For Quaker Week 2017, our head of Library & Archives, Libby Adams, travelled to Penrith Meeting to give a talk on local Quakers living through “turbulent times” (this year’s Quaker Week theme). This blog post concentrates on Quaker stories from Cumbria, but highlights some of the sources the Library holds for studying the history of any local area.
While local Quaker records (mostly deposited in county record offices) are the primary record of local corporate Quaker activity, the Library here at Friends House holds archives of national Quaker bodies (with which local meetings corresponded), as well as personal papers of individuals (which shed light on local Quaker activity). Together these can provide a richer contextual picture. We’ve picked out some sources relating to Cumbria at three key historical moments – the 17th century, the end of the 18th century, and the First World War.
The first source is a collection of manuscript returns from meetings all over England and Wales describing how Quaker faith was first introduced, took root, and developed in each area, which were sent in to Yearly Meeting (later transcribed by Norman Penney, our first Librarian, and published by Friends Historical Society in 1907 as First publishers of truth).
Following the leadings of the spirit, early Friends broke the law by holding illegal meetings for worship, traveling around preaching and prophesying, and refusing to pay tithes (church taxes to support the established national church). They were fined, imprisoned and suffered for their beliefs. In 1675 Friends set up a “constant meeting about sufferings”, appointing a “Recording Clerk” to gather and record reports of sufferings sent up to London by a network of correspondents in every county, as evidence of the unfair persecution of Quakers. You can read more about records of Quaker sufferings in an earlier blogpost.
The 18th century was a turbulent time both nationally and internationally, with the rise of Enlightenment ideas about liberty and rights, the industrial revolution, American Independence, and the French Revolution. There was a growing campaign against the slave trade, in which Friends were prominent. This is a theme which emerges from the personal papers of three Cumbrian Quakers now held by the Library, alongside other general, religious and personal matters.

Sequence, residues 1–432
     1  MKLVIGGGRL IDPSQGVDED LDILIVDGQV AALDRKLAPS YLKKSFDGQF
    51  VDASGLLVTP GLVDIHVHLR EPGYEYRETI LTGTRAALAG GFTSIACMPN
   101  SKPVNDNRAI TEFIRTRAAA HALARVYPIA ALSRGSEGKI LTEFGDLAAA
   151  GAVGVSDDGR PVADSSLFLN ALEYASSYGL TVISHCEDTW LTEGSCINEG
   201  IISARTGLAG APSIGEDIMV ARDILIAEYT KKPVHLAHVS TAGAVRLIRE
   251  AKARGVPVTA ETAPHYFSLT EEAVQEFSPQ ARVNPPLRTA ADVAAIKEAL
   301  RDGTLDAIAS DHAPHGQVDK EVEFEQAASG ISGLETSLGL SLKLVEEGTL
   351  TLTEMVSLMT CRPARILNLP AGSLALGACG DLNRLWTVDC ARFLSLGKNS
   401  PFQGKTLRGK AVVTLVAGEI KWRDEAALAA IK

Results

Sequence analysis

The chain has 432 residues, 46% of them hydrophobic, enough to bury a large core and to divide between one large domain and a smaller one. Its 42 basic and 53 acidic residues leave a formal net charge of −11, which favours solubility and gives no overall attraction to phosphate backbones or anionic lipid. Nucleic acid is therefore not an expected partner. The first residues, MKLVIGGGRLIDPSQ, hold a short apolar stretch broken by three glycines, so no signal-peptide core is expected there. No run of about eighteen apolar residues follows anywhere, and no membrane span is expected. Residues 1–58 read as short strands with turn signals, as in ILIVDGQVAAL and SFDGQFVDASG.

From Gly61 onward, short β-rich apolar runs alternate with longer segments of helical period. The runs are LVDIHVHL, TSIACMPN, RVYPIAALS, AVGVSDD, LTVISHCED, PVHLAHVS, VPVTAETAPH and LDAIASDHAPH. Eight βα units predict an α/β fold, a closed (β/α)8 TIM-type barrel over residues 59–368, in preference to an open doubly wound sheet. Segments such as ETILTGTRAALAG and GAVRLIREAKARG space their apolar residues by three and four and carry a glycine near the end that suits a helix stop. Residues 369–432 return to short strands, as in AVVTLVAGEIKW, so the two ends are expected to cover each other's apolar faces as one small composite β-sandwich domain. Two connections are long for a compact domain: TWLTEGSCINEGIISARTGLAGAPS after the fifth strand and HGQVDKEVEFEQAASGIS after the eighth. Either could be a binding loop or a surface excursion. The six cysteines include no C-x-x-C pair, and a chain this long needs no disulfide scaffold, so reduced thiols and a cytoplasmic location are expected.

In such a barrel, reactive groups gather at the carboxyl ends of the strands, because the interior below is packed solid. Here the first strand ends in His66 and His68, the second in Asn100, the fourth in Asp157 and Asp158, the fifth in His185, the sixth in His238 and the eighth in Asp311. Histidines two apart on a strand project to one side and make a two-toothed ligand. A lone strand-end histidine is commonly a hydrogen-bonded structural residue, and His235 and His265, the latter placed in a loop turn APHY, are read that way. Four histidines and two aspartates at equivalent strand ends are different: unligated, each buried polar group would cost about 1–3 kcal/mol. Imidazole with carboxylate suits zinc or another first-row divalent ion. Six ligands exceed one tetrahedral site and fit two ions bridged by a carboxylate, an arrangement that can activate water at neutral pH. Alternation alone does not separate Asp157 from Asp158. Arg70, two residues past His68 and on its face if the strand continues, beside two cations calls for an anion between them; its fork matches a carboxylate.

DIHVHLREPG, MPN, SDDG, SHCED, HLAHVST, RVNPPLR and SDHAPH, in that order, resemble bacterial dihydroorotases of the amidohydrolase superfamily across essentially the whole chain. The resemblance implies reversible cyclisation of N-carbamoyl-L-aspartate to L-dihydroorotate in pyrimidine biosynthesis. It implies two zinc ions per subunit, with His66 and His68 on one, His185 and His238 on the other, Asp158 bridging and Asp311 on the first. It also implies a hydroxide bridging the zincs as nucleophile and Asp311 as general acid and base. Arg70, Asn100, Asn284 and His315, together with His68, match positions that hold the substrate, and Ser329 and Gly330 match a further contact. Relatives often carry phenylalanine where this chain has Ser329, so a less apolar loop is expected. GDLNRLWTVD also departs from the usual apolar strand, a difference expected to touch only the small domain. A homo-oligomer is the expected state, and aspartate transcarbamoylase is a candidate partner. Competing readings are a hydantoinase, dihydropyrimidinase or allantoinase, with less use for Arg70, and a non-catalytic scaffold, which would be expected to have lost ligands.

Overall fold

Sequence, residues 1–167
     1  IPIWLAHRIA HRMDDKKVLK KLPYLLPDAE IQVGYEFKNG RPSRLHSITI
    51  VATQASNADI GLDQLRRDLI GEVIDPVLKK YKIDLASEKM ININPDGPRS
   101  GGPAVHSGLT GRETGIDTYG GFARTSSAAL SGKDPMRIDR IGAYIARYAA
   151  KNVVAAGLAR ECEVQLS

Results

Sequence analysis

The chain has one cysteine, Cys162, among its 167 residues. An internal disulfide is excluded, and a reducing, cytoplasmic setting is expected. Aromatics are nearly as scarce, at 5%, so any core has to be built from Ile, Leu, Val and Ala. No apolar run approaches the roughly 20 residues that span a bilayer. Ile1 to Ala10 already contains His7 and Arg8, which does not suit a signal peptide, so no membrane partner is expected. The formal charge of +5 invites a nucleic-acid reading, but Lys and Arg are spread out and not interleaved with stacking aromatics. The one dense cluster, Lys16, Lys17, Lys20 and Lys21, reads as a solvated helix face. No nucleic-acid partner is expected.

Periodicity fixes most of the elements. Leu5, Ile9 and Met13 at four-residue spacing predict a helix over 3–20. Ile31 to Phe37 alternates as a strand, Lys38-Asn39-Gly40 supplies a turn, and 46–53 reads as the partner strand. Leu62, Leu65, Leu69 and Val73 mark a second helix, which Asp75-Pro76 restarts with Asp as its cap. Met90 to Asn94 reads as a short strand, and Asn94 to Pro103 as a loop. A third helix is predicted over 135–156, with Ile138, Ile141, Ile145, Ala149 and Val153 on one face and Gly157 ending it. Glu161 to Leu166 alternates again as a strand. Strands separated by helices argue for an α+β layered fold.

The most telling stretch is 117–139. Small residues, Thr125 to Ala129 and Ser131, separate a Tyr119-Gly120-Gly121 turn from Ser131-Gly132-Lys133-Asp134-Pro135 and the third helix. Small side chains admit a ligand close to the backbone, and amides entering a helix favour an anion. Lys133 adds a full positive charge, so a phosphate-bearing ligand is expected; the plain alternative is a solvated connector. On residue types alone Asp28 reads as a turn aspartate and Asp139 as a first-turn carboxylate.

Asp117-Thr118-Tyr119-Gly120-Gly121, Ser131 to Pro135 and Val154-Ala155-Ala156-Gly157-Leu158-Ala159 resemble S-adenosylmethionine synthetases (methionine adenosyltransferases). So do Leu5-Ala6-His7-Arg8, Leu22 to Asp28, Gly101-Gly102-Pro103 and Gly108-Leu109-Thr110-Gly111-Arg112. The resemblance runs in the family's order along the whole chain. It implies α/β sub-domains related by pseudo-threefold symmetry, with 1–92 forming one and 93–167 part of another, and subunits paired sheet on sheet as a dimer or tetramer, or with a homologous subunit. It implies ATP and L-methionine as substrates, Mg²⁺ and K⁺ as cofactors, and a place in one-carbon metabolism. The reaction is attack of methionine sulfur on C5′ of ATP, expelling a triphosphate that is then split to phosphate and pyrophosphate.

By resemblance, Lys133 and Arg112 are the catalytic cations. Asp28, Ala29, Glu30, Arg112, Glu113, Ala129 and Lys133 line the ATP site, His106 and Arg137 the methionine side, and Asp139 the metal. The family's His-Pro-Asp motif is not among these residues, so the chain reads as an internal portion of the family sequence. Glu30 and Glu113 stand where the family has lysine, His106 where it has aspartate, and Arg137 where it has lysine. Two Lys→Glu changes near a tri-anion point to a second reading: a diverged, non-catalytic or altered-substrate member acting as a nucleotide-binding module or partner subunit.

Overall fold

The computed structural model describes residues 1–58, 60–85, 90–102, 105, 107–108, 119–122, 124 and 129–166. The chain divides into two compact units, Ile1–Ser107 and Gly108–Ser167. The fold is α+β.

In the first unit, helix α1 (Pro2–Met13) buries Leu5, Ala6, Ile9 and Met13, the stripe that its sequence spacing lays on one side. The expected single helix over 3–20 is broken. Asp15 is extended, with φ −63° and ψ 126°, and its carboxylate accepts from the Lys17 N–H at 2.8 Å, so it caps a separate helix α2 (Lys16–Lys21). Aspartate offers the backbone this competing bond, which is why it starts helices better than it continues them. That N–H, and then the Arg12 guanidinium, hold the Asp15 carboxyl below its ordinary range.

Elihu Robinson (1734–1809), of Eaglesfield, Cumbria, kept detailed diaries and memoranda recording his journeys to London for Yearly Meeting, as well as a visit by Thomas Clarkson, the antislavery campaigner, and records of his weather observations (of particular interest to contemporary researchers).
Jane Pearson (c1735–1816) was from Newtown near Carlisle, married John Pearson, and had 7 children, moving to Whitehaven. She was a “recorded minister”, which meant that her gift of spoken ministry was acknowledged. The Library holds a collection of correspondence, 1784-1821, between her, Thomas Wilkinson and others, including ministers Rebecca Jones, Deborah Darby, and Esther Tuke.
Thomas Wilkinson (1751–1836) was another Cumberland Quaker, with a wide circle of friends including William Wordsworth, and Thomas Clarkson – and of course local Friends Jane Pearson and Elihu Robinson. His papers held by the Library include accounts of visits to Scotland, Wales and the Yorkshire Dales, as well as Yearly Meeting in London, poetry and correspondence.
Moving forward a century, to another time of great upheaval, we can see another example of how national records held by the Library can help us explore important themes at local level.
Quakers were instrumental in introducing legal provision for conscientious objection during World War I, as the Quaker Week poster timeline shows. But Quakers, in common with the rest of the country, made a range of personal decisions in response to the challenge of war: some signed up, others were absolutist “conchies” who endured lengthy prison sentences rather than cooperate in any way with the war effort, and yet others organised relief for war victims in England, Europe and Russia.
The Society of Friends’ Wartime Statistics Committee was set up in 1917 to obtain an accurate picture of what members, attenders, and “associates” of military age were doing. Monthly meetings were asked to send in “Returns of service during wartime” – record sheets for named individuals – which are now part of the official records for Britain Yearly Meeting (you can read more about these fascinating records in an earlier blogpost).
Complementing these are the personnel records of the Friends Ambulance Unit (FAU), an independent organisation set up by Friends in 1914, now digitised and available at http://fau.quaker.org.uk/.
The two sets of records were created for quite different purposes (data to report to a central committee or a relief worker’s service record) but when used together can provide a fuller picture of individuals in a local area than is often available from other official records kept at the time.
The Library holds varying sources for different local areas, and what you may find here depends to a great extent on the nature of the Quaker presence in your area. Local Friends also wrote and published books, pamphlets and articles (ranging from theological and devotional writings to social research, campaigning material and poetry). The Library has a comprehensive collection of publications by Friends, and useful secondary sources on Quakers and Quakerism, as well as some invaluable indexes to a wide range of sources, such as The Friend, reports to Yearly Meeting, testimonies, etc. There is also a rich collection of paintings, drawings, and photographs.
If you have been on one of the meeting visits to Friends House you’ve probably visited the Library and seen a display of items of local interest from the collections. If not, and your meeting would like to arrange a visit, contact details are here.